Dengue cases rise fivefold from last year; NEA advises public to mosquito-proof homes before travelling

A Red Dengue Alert banner in Jurong West Street 61 on Nov 21, 2019. The number of dengue cases rose by five-fold from last year. ST PHOTO: KELVIN CHNG

SINGAPORE - Residents planning to go overseas for the year-end holidays should make their homes mosquito-proof before travelling, the National Environment Agency (NEA) said, amid a spike in the number of dengue cases here.

Its advisory comes as the number of dengue cases rose fivefold from last year. From the beginning of the year until last Saturday, there were 14,658 dengue cases, an increase of about 5½ times compared with the same period last year.

However, this number is two-thirds that of the volume of cases seen during the 2013 dengue outbreak, which had 22,170 cases for the whole year.

The number of dengue cases could rise further, NEA said in its advisory on Wednesday (Nov 27), adding: "For example, in 2013 and 2015, there were year-end spikes in the number of dengue cases, and on both occasions, we entered the following year with an atypically high number of dengue cases."

There are 76 active dengue clusters, with the five largest in Choa Chu Kang Avenue 2, Elias Road, Jalan Bangau and Begonia Lane near Yio Chu Kang, and Jurong West Street 61.

Most mosquito breeding sites found in these clusters are within residential premises.

In the light of the year-end holiday season, NEA advised residents to cover floor traps and toilet bowls, and seal off overflow pipes of flushing cisterns before travelling overseas.

Residents should also add sand granular insecticide to places where mosquitoes could breed and where stagnant water cannot be removed.

They should clear debris and blockages, place BTI insecticide in roof gutters and turn over water storage containers and wipe the rims dry.

They can also ask a relative or close friend to help check their homes regularly for stagnant water if they are going away for a long period of time, and leave their contact details with neighbours or the neighbourhood police post or centre, so that they can be reached easily.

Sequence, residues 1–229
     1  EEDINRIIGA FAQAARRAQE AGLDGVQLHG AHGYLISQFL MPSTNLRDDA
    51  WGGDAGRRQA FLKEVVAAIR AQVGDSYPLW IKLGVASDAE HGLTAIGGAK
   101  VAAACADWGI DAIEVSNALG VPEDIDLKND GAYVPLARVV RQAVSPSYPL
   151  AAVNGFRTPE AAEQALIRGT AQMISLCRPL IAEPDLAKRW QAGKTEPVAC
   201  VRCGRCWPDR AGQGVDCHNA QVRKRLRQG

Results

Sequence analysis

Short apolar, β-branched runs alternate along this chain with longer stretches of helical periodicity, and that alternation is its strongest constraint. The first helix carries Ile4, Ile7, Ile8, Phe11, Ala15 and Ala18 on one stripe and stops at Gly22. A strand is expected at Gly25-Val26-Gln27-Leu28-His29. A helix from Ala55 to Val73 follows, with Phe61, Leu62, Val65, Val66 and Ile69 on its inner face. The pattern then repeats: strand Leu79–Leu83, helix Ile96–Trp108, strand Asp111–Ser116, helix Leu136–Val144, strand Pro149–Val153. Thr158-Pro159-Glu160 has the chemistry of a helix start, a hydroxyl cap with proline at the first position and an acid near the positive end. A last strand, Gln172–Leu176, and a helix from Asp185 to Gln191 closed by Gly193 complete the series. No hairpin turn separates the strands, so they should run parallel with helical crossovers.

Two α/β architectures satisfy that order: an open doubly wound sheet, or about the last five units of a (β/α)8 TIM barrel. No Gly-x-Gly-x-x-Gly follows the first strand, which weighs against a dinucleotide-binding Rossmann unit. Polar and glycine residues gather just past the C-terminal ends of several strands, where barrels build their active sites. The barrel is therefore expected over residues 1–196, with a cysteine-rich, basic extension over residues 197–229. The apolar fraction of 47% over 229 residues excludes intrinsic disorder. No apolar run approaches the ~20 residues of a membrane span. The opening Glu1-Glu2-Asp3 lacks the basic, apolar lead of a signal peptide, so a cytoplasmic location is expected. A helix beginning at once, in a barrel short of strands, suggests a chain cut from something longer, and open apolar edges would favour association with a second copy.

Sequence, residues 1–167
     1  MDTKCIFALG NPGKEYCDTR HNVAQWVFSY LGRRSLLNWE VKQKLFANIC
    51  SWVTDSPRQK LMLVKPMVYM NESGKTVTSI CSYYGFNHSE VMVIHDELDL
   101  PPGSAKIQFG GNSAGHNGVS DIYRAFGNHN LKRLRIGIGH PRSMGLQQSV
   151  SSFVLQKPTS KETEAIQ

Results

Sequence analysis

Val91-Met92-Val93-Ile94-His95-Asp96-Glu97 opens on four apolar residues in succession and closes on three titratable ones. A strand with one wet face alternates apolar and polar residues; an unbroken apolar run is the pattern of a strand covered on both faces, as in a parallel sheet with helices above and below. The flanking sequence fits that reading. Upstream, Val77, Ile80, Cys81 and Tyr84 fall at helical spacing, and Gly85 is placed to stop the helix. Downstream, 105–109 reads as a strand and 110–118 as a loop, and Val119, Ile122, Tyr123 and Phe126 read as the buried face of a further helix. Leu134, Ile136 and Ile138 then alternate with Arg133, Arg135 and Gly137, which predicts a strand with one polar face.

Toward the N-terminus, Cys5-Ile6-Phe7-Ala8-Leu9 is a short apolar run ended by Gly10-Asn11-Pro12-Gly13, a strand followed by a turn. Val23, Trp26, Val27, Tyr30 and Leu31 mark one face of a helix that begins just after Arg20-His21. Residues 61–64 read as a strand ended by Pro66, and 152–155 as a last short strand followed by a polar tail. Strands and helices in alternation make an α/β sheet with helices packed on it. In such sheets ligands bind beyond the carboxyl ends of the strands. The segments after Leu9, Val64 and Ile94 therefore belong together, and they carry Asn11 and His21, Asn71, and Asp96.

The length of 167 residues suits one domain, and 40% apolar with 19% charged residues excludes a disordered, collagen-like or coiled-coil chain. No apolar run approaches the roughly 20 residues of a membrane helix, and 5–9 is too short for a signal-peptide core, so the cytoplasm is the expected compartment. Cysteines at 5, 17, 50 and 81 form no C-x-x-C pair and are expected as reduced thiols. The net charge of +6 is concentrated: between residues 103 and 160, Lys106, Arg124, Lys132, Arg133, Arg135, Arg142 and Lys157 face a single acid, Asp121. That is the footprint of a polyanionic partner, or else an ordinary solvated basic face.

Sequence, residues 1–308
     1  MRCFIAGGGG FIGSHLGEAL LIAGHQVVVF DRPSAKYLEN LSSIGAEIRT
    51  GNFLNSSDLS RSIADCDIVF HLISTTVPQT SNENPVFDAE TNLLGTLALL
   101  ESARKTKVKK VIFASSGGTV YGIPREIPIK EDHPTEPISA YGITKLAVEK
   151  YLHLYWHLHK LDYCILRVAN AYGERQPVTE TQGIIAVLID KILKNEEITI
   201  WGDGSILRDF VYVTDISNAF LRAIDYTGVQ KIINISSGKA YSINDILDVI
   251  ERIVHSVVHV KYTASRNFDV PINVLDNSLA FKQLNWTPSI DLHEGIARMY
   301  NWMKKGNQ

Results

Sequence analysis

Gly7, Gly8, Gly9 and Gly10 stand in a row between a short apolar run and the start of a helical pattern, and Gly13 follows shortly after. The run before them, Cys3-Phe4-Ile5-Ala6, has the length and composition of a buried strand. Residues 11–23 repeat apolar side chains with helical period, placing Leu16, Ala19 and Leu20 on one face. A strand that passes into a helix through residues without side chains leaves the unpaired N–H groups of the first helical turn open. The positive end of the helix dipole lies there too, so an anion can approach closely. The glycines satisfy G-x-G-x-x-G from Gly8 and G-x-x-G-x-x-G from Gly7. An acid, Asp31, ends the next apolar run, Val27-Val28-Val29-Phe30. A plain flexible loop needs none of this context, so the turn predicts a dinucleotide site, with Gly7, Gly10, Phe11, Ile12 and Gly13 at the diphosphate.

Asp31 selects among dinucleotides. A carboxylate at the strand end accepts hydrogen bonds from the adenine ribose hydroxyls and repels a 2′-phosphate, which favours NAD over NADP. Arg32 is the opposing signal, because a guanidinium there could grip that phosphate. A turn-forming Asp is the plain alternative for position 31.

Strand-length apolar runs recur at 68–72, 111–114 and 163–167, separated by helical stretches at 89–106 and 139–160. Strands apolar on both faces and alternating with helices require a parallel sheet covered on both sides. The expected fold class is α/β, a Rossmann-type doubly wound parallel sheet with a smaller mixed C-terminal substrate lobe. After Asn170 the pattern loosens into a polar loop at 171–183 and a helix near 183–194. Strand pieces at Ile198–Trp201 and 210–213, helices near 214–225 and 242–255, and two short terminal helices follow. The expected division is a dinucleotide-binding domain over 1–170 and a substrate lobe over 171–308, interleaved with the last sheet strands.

NEA said that the week of Nov 11 was the fifth straight week in which infections had risen. The number of infections came down last week.

The agency said that there are multiple reasons for the high number of dengue cases in recent weeks, including the large population of Aedes mosquitoes, warmer temperature and low immunity in the human population.

It added that the Aedes mosquito population grew by 32 per cent last month over September. The number of larvae breeding sites found in homes was also 55 per cent higher over the same period.

The agency said it has distributed Gravitrap surveillance data to town councils and other parties like members of the Inter-Agency Dengue Task Force to help them target areas with a larger mosquito population and prioritise dengue prevention and control measures.

Gravitraps are small black cylinders that trap female Aedes aegypti mosquitoes looking for water surfaces to lay eggs on.

NEA and the Inter-Agency Dengue Task Force have continued to inspect dengue cluster areas. Between January and September, about 703,000 inspections were conducted islandwide, and NEA uncovered about 11,700 mosquito breeding habitats.

About 6,300 enforcement actions were taken against owners of homes and buildings for mosquito breeding in the same period.

The agency has also shared with town councils and other parties information about areas with a higher mosquito population, so that more preventive measures can be taken in these areas.

"All residents living in dengue cluster areas are strongly encouraged to cooperate with NEA officers and to facilitate checks (by the officers) and indoor misting in their homes," the agency said.

"Residents living in dengue cluster areas are also strongly encouraged to protect themselves by applying mosquito repellent regularly and keeping their homes free of stagnant water."

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